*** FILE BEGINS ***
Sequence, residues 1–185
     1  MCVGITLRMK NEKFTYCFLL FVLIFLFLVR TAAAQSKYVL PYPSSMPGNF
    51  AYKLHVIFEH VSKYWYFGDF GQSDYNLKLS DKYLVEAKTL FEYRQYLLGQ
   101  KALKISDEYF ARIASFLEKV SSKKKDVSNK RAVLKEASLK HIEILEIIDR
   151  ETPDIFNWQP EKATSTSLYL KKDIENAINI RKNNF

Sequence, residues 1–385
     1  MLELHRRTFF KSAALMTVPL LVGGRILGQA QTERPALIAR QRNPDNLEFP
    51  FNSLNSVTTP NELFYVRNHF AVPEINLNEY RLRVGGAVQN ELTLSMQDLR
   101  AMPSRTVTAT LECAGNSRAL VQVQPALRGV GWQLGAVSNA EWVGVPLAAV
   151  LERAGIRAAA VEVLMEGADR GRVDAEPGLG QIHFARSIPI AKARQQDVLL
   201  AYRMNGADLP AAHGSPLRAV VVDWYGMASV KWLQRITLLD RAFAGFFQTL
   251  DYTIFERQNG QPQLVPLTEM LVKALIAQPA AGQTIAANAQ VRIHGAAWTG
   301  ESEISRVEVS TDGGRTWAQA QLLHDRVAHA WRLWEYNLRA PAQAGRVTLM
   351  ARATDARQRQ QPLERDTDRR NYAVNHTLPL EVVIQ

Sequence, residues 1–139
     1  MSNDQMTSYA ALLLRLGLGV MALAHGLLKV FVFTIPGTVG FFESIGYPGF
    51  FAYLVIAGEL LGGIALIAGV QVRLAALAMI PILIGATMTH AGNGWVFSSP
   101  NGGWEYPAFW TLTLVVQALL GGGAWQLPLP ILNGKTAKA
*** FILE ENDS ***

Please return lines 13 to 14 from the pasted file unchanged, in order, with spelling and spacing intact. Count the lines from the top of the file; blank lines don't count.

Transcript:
   301  ESEISRVEVS TDGGRTWAQA QLLHDRVAHA WRLWEYNLRA PAQAGRVTLM
   351  ARATDARQRQ QPLERDTDRR NYAVNHTLPL EVVIQ